More Patients Visiting Fewer ER Facilities

March 15, 2016

Chest pain, abdominal pain, broken bones, upper respiratory infections, back pain, skin infections, foreign objects in the body, and headaches are some of the most common reasons that people seek help at an emergency room. When you are severely ill or critically injured, you expect that you will receive prompt and proper care at the ER. Unfortunately, many people have learned the hard way that these expectations are misplaced. Emergency rooms are not always well staffed or well run. When processes break down, mistakes can be made, and the patients often suffer from medical malpractice.

Emergency departments have seen a steady rise in patients since gaining healthcare access under the Affordable Care Act. A survey of 2,098 emergency room doctors conducted in March of 2015 revealed that three-quarters had noticed an increase in patients since January 2014. The year before, less than half of the doctors surveyed reported an increase. One theory is that newly insured Medicaid recipients turn to the ER because they cannot schedule appointments or find doctors that will take their coverage due to low reimbursement rates. There is also a shortage of primary care physicians.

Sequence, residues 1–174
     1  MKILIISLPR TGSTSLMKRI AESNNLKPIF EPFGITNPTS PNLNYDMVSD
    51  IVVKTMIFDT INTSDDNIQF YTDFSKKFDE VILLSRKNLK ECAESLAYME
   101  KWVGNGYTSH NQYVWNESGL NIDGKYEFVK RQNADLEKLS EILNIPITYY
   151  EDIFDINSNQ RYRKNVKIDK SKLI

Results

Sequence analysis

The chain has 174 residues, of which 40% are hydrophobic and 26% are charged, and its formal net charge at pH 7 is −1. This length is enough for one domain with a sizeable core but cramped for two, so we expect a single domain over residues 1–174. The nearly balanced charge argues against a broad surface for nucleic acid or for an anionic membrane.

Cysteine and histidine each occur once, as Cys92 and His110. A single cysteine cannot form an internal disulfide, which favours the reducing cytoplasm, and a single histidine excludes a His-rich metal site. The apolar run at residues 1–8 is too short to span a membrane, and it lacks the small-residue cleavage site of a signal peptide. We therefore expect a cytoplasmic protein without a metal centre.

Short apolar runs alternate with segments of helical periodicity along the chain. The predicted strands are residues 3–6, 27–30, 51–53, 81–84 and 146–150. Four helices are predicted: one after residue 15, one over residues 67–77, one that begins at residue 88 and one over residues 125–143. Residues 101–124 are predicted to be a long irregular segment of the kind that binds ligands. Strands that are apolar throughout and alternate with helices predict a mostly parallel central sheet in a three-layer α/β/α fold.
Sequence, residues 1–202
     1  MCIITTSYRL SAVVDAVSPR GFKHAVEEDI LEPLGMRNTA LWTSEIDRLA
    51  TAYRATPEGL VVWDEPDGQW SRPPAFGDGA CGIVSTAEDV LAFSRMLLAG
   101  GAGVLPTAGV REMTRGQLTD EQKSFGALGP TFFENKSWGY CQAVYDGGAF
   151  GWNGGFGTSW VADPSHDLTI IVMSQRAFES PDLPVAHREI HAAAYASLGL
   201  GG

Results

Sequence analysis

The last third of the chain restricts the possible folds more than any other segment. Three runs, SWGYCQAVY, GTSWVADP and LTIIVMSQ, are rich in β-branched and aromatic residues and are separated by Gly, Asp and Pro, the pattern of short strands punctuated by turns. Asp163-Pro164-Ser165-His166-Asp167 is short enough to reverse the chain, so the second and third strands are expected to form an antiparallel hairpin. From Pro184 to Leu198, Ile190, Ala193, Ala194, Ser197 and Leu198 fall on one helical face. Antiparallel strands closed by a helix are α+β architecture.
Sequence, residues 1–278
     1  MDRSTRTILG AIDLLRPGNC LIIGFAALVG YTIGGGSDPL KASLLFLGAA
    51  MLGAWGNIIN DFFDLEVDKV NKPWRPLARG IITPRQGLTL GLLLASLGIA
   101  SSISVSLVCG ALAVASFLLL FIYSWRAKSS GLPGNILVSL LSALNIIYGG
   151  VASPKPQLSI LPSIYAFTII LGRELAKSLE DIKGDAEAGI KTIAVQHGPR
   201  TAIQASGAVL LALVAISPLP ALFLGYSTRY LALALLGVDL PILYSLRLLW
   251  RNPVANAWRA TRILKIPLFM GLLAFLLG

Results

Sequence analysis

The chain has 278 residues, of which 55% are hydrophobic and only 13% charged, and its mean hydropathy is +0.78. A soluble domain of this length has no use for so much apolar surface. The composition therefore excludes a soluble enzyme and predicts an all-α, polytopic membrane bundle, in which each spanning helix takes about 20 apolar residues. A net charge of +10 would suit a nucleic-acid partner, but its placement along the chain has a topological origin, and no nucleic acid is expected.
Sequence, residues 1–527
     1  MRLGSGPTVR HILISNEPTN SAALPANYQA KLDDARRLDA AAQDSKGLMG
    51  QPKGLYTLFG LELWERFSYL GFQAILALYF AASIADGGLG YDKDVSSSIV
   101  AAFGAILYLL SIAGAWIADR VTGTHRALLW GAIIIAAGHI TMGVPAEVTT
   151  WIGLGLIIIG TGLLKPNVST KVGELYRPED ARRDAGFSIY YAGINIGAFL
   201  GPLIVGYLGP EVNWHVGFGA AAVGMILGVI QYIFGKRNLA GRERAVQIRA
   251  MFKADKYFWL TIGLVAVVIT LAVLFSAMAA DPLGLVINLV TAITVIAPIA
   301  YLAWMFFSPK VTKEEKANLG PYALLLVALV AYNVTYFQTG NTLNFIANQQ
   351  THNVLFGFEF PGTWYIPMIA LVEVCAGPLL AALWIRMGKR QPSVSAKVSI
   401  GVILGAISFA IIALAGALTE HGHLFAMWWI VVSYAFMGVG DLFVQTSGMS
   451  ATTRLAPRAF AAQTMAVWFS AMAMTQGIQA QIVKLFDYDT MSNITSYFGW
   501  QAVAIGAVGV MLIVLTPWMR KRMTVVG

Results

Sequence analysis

Another possible reason is that many ERs and hospitals have closed due to financial troubles. Six percent of the nation’s emergency rooms have closed in recent years, causing overcrowding, longer wait times, and higher mortality rates in the ERs that remain. The effect on quality of patient care at other hospitals within the same service area is disturbing. Higher caseloads make it more likely that important details will get missed, which can lead to medication errors, misdiagnosis, surgical mistakes, and communication problems.

According to the National Center for Health Statistics, the number of emergency rooms nationwide dropped between 1996 and 2009 from 4,884 to 4,594, while the number of visits to the ER increased from 90.3 million in 1996 to 136.1 million in 2009. While ERs are trying to adapt, seven in ten doctors say their emergency departments aren’t ready for continuing, and potentially significant, increases in volume.

Hospital emergency rooms are stressful places – both for staff and for patients. Medical negligence can and does happen there, resulting in injury and even death. If you were harmed due to complications arising from overcrowding in an emergency room, or if you lost a loved one due to the medical malpractice in an emergency room, the attorneys at Wapner Newman can help. We encourage you to contact us today by calling 1-800-529-6600 or filling out a free case evaluation form.